// what do you think?


You Can’t Hide From the Web

I know my friend Brian Sollom, is nodding his head and Mike “foleymo” Foley has probably already signed up. The Next Web is reporting about a new app that allows you to take a picture of someone and pull up all of their recent social activity. It’s not hard to let your imagination go from there.

Stalk a Stranger. Point Your Phone At Their Face.

Recognizr works when the user points the camera at another person. Inbuilt face recognition software maps a 3D model of the subject and transmits the information to a remote server where it is matched with an identity already present in the database. This information is then sent back to the handset along with any relevant social networking information associated to that person, conveniently displayed above the persons head using little social icons.

The service is opt in only (right now) but face recognition technology exists from companies like HP and Microsoft. There are even free versions out there. It’s only a matter of time before this capability is available without having to opt in.

This will scare the crap out of a large number of people. I understand but there’s no turning back.You can either try, unsuccessfully, to hide from it or you can take control of it and manage it.

Here are my 3 big takeaways for you:

  1. There are no back channels. Do not say anything on the Web you wouldn’t want everyone and anyone to see.
  2. Understand how to use the tools. Facebook and Google don’t make it easy to control your privacy (it’s in there best interest when more data is public) but understand how to use the privacy settings and use them as you see appropriate.
  3. There is no difference between online, offline and mobile realities.

I’ve long claimed that ther is no difference between online and offline. Augmented reality apps are another example of this.

As marketers we need to quit talking about online vs offline vs mobile. The form factor and user interface may be different but all three coexist and we need to be thinking about and using all three. We also need to act responsibly with customers best interest in mind.

Don’t sacrifice customer privacy and comfort for monetary gain. There is a backlash coming, it won’t be pretty and you don’t want to be on the wrong side of that fire storm.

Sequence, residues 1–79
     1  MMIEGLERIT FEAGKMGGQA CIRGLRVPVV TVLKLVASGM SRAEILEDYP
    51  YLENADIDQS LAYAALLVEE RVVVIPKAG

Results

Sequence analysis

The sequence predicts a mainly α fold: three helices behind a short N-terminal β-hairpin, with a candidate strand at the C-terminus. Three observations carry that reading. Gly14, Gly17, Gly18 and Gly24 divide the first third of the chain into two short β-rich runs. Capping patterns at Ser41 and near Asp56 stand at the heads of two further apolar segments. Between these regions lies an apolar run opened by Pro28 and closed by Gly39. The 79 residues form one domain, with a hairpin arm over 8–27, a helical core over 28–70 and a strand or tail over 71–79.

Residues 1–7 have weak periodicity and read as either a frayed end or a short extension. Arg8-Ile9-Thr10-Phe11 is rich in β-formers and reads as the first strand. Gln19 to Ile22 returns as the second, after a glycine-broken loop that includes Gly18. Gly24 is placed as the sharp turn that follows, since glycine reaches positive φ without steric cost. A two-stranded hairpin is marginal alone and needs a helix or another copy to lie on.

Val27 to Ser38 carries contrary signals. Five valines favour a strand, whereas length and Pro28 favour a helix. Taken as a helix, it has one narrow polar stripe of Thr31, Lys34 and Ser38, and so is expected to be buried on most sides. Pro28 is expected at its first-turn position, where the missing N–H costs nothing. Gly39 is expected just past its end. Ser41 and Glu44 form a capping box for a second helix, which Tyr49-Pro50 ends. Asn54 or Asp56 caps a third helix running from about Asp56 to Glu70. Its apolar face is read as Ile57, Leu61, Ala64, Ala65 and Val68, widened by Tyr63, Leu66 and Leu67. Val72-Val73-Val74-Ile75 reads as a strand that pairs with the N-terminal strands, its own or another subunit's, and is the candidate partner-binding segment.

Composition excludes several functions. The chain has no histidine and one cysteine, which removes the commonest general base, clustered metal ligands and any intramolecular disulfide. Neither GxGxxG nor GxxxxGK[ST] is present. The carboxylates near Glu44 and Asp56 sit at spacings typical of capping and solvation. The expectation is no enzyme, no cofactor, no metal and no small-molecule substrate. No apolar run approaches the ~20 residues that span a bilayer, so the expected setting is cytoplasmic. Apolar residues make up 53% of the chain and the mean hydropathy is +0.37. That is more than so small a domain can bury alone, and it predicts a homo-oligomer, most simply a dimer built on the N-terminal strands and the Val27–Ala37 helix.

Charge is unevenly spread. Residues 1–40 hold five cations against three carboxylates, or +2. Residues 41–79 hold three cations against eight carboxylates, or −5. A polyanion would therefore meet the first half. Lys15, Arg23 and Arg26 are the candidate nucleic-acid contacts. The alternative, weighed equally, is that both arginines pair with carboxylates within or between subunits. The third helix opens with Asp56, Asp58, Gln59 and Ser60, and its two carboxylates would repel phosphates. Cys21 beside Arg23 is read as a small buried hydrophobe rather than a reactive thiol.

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About Tac

Social media anthropologist. Communications strategist. Business model junkie. Chief blogger here at New Comm Biz.

  • http://realestateundressed.com/2010/02/24/wow-you-cant-hide-from-the-web/ RealEstateUndressed » Blog Archive » Wow, You Can’t Hide From The Web

    [...] From Tac Anderson: Here is the article  [...]

  • http://twitter.com/RealTweeter Lacy Kemp

    I take issue with the fact that there is now a need to censor what we say. Take Facebook for example. Facebook is primarily a personal channel for me. The majority of my friends on Facebook are people that I hang out with, or used to in college. The bigger social media gets, the more friends are being added that are friends through my professional life, but not so much my personal life. My “real” personality is quite different from my professional personality. The need is growing greater for me to watch my mouth on my personal sits like Facebook as everything is traceable. I often add disclaimers for new followers to tell them that I might drop a F bomb or say something they find insulting (though never on purpose). But that’s just me talking with my real friends. I even now have to watch what I say on my personal, very non-work, blog as my brand bleeds into my personal life.

    I find this to be really unfair, but I also find it to be reality. I either suck it up and behave myself or I risk offending people that I care about, risking my job etc. In some ways it’s a blessing. It forces me to be really social, as in hanging out with my friends in real life and not just on my computer. But when this kind of technology comes out, even being physically present can come back to haunt you. I think there are lines that should be drawn. I just don’t know where to draw them.